Off With Their Heads! Google Hailed for Beheading Piracy
Big business and the industry insiders who make movies and manage recording artists are thrilled that Google is taking a major step toward fighting piracy by downgrading questionable sites through tweaks to its search algorithm.
The Mountain View, Calif.-based search giant announced on an official blog Monday, Inside Search, that beginning next week it will start figuring valid copyright removal notices into the complicated algorithm that decides which search results appear highest on a list.
Boosting Legit Content
With searches routinely summoning tens of thousands of results, the change could make the heaviest infringement sites all but invisible to searchers on Google. With an estimated 900 million unique monthly visitors, Google is by far the most popular search engine in the world. Microsoft's Bing comes in a distant second, recording 165 million, according to eBizMBA.
"Sites with high numbers of removal notices may appear lower in our results," wrote Amit Singhal, senior vice president of engineering for Google search, the company's signature product.
"This ranking change should help users find legitimate, quality sources of content more easily--whether it's a song previewed on NPR's music Web site, a TV show on Hulu or new music streamed from Spotify."
Singhal said the copyright notice alerts would be one of more than 200 "signals" that ensure Google's algorithm provides "the best possible results" (although in this case, it does not improve the relevance of the results to the search topic).
He added that the company, which recently upgraded copyright claim detection, has processed claims against more than 4.3 million URL's in just the past 30 days.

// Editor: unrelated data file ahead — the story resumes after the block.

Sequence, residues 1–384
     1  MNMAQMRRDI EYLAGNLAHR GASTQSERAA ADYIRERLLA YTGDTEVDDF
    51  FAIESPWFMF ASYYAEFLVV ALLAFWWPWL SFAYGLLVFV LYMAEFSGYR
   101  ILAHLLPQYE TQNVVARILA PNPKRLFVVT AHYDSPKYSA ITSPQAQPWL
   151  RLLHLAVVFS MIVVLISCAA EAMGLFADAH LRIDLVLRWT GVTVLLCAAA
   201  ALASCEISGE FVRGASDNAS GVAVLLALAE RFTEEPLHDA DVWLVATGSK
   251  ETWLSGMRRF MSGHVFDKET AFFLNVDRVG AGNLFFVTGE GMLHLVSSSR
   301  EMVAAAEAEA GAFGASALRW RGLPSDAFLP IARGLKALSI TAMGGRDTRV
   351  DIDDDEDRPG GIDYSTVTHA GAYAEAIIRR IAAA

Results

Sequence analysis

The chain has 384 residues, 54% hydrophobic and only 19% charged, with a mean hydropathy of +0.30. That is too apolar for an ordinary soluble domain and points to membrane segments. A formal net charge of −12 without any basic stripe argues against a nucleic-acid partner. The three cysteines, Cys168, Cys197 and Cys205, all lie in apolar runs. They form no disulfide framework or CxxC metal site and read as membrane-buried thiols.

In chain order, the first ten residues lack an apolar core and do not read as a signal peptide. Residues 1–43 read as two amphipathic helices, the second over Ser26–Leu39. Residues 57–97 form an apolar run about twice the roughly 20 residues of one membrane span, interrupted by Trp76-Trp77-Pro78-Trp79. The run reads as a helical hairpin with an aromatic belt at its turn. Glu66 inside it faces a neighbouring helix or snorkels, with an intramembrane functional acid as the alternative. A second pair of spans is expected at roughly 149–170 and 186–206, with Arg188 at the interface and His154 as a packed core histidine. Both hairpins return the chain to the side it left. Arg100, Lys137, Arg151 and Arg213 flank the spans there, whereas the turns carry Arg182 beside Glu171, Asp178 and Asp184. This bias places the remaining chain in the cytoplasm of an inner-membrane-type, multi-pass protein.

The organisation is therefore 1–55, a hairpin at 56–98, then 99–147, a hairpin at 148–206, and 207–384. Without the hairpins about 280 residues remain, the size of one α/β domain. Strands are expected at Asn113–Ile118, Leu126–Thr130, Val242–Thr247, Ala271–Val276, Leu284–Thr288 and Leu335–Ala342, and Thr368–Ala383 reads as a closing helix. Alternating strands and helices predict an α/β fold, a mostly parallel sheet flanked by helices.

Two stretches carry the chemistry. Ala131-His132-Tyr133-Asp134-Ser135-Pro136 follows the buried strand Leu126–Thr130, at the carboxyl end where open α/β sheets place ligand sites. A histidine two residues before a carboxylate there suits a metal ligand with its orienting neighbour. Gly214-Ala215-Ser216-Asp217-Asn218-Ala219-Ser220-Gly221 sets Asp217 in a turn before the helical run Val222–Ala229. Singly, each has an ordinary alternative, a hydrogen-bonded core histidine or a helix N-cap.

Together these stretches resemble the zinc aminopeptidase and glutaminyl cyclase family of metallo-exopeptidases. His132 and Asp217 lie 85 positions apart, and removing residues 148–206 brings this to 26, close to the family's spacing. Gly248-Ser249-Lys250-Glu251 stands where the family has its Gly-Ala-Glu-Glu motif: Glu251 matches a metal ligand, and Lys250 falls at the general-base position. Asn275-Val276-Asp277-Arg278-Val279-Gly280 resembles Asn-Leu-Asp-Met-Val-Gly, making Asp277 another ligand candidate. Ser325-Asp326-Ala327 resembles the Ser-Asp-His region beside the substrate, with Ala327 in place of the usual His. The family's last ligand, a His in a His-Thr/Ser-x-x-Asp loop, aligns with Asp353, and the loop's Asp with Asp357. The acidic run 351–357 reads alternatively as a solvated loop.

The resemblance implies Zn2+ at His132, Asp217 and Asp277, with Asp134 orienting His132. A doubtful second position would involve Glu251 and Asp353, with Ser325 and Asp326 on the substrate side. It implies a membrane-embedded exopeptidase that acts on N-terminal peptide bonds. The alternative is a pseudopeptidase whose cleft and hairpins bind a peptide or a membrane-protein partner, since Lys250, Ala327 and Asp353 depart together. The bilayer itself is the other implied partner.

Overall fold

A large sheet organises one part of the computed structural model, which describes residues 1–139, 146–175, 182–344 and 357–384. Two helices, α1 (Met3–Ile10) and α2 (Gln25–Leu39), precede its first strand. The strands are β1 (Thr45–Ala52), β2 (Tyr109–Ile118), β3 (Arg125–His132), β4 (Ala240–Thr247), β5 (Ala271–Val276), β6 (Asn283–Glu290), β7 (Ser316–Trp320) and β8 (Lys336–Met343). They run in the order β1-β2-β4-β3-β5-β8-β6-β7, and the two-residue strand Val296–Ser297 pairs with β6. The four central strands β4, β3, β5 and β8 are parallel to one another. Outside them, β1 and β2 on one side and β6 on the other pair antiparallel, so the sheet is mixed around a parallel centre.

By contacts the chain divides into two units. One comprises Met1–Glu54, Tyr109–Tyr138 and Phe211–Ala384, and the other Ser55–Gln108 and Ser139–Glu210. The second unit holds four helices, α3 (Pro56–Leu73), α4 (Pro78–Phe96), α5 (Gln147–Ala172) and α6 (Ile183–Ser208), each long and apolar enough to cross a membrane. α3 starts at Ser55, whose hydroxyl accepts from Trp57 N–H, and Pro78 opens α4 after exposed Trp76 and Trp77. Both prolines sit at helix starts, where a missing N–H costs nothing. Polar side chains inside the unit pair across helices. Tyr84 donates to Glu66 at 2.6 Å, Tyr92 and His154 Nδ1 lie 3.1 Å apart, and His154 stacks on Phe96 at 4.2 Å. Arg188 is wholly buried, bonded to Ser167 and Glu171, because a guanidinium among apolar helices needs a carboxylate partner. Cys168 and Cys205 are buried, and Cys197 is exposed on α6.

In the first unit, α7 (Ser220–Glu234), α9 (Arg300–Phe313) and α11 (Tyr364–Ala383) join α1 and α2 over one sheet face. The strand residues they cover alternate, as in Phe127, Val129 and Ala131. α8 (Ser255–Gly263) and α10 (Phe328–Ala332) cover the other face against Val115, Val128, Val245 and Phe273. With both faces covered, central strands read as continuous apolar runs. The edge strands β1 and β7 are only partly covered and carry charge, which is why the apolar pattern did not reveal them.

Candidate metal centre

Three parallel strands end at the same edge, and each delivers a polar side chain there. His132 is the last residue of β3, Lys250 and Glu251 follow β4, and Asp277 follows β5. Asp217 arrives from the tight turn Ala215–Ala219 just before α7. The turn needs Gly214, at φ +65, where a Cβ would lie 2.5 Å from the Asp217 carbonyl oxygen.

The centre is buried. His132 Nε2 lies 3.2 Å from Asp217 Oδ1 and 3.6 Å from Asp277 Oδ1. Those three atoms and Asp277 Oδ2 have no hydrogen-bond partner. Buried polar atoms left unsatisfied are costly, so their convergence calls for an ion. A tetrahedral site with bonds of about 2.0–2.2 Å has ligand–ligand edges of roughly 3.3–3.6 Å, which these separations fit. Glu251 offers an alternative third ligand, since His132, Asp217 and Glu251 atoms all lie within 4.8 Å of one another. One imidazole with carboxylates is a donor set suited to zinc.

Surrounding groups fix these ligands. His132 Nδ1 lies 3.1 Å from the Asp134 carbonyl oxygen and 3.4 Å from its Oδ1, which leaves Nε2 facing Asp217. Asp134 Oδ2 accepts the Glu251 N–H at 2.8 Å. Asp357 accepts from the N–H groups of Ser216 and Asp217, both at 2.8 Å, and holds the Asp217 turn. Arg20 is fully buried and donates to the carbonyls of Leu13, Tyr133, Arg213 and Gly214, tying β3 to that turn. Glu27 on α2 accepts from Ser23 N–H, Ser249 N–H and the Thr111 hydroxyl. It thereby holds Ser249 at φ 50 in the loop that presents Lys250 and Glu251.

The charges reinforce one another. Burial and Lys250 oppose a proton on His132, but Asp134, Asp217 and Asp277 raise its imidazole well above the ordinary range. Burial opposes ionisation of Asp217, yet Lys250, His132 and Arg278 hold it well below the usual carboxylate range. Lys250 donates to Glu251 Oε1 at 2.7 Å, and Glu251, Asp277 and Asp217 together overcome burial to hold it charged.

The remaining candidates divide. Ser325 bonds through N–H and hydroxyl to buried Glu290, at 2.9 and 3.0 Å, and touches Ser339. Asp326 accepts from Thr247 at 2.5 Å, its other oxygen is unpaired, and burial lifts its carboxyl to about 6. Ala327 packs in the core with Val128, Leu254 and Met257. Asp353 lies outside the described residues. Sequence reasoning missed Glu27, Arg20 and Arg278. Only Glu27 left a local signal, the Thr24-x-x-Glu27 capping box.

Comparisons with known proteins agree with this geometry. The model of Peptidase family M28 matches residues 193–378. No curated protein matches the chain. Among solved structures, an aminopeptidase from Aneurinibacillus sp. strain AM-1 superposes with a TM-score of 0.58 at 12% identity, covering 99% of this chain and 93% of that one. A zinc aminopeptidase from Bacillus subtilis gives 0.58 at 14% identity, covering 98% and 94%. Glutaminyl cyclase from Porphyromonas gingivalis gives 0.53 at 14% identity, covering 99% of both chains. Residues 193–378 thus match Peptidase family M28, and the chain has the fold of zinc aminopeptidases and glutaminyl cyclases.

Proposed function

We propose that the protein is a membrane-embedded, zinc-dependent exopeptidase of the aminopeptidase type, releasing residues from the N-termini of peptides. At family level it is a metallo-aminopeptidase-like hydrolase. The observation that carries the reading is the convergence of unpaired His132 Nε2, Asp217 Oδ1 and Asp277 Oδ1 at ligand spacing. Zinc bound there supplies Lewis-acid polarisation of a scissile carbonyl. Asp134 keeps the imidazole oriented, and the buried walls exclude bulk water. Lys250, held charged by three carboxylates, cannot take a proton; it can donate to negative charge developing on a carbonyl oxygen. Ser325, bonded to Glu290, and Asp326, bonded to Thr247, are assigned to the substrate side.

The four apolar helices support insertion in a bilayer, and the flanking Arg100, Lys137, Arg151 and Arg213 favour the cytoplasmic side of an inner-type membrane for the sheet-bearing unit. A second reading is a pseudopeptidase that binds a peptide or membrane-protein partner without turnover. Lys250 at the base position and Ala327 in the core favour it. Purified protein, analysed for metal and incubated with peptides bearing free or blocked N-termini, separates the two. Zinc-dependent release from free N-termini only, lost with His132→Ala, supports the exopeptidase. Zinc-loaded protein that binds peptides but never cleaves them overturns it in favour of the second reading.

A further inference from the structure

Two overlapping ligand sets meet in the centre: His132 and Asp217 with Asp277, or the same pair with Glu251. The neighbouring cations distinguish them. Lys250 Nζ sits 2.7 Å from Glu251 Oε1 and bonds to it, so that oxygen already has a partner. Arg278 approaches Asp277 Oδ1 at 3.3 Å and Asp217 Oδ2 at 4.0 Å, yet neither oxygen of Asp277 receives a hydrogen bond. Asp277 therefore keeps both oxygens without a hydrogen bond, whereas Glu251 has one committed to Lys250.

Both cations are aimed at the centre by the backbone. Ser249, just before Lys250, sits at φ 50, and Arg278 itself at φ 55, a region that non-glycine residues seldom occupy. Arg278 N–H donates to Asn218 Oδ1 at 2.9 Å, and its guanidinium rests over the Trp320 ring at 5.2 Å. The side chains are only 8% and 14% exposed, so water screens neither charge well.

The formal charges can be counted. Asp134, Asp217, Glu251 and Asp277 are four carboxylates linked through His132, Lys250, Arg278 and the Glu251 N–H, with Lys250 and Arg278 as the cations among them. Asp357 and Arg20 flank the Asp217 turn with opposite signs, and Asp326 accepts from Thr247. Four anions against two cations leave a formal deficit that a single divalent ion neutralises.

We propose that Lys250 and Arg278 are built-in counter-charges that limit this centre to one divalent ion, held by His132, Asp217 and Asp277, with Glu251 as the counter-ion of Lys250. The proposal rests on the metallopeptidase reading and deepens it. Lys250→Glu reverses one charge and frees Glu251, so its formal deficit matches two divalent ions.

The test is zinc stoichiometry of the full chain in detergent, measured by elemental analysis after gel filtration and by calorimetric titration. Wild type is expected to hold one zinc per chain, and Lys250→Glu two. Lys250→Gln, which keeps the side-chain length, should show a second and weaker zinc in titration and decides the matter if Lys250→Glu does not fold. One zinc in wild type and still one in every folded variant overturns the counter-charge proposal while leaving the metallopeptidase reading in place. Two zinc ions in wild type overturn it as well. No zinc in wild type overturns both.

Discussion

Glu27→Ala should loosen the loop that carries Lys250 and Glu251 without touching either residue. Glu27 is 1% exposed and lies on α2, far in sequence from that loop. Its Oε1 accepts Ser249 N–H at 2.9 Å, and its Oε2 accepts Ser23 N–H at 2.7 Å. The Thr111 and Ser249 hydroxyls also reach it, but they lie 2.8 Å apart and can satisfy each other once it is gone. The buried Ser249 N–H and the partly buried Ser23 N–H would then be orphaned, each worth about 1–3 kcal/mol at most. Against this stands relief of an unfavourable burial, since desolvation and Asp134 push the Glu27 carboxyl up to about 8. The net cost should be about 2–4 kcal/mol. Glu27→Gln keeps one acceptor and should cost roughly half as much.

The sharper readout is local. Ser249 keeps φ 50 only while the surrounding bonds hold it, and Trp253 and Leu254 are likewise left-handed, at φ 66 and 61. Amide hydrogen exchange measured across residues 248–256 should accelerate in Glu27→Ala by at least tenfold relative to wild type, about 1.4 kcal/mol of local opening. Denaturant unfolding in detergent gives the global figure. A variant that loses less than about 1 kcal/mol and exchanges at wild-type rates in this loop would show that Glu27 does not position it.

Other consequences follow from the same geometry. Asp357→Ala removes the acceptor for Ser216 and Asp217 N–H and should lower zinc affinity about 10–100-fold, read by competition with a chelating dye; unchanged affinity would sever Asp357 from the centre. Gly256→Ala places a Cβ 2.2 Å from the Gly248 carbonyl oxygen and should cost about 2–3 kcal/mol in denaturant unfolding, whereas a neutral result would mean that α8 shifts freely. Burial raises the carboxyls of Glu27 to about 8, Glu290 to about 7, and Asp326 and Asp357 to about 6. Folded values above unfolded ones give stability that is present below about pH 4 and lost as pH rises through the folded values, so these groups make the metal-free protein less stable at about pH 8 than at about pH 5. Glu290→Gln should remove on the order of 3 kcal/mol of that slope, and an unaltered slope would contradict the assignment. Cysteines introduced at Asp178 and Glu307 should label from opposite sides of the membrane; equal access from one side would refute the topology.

The action creates the possibility that rival sites could simply file violation notices in order to push their competitor's results down.
"This is always been a tricky line for Google to walk as to what constitutes a "pirate" site," said analyst Michael Gartenberg of Gartner Research. "Fortunately, there are some clear lines here in many cases and I suspect that's where Google's focus will be. I also suspect it will take more than a grievance against a competitor without investigation for Google to act."
Who's Ripped Off Most?
Google's online Transparency Report listed the top five holders of disputed copyrights of the past month as the Recording Industry Association of America, Froytal Services, Ltd. (an adult content producer), Microsoft Corporation, NBC Universal, and RK Netmedia, Inc. (another porn producer).
In a statement, Cary Sherman , chairman and CEO of the RIAA called Google's modification "an important step in the right direction -- a step we've been urging Google to take for a long time -- and we commend the company for its action."
In a similar statement, Michael O'Leary, senior executive Vice President for Global Policy and External Affairs of the Motion Picture Association of America, Inc. (MPAA) said "We are optimistic that Google's actions will help steer consumers to the myriad legitimate ways for them to access movies and TV shows online, and away from the rogue cyberlockers, peer-to-peer sites, and other outlaw enterprises that steal the hard work of creators across the globe."
O'Leary also called for supplemental action, saying "We will be watching this development closely -- the devil is in the details."